WASHINGTON — Fears of terrorism have made it harder than ever for citizens to find out what dangerous chemicals lurk in their backyards, The Associated Press has found. Secrecy and shoddy record-keeping have kept the public and emergency workers in the dark about stockpiles of explosive material.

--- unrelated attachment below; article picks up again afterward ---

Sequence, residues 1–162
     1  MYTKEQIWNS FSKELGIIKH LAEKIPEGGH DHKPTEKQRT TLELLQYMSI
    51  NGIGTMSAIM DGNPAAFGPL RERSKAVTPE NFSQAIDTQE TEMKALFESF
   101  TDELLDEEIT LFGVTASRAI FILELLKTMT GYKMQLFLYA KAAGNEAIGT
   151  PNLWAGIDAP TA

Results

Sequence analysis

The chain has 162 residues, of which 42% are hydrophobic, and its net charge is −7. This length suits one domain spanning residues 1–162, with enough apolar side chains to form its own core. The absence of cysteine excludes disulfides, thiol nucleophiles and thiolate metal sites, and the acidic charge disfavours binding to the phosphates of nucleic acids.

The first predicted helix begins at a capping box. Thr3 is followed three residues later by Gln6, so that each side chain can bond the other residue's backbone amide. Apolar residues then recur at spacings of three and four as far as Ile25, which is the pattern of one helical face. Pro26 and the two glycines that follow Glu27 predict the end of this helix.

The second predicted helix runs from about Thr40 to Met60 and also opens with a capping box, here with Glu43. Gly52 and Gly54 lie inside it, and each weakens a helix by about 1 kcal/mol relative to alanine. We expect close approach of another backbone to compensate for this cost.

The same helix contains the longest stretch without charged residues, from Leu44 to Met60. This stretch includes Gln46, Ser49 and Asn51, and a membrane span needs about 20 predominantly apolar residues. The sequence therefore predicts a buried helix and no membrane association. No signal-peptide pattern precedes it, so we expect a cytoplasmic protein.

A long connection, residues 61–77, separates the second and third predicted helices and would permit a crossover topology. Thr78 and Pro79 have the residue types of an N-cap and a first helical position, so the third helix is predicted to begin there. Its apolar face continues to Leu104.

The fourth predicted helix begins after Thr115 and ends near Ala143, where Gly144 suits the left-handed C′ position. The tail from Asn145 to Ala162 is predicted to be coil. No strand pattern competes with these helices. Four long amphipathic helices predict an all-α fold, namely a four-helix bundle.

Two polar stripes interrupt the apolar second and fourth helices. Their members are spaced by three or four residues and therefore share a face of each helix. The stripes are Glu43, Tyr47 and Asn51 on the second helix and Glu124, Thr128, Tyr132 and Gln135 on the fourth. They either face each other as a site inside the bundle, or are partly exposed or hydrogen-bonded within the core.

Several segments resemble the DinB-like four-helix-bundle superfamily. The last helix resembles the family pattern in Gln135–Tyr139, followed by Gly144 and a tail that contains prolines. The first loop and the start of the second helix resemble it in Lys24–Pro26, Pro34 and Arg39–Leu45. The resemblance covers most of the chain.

A monthlong reporting effort by the AP, drawing upon public records in 28 states, found more than 120 facilities within a potentially devastating blast zone of schoolchildren, the elderly and the sick. But how many others exist nationwide is a mystery, as other states refused to provide data.
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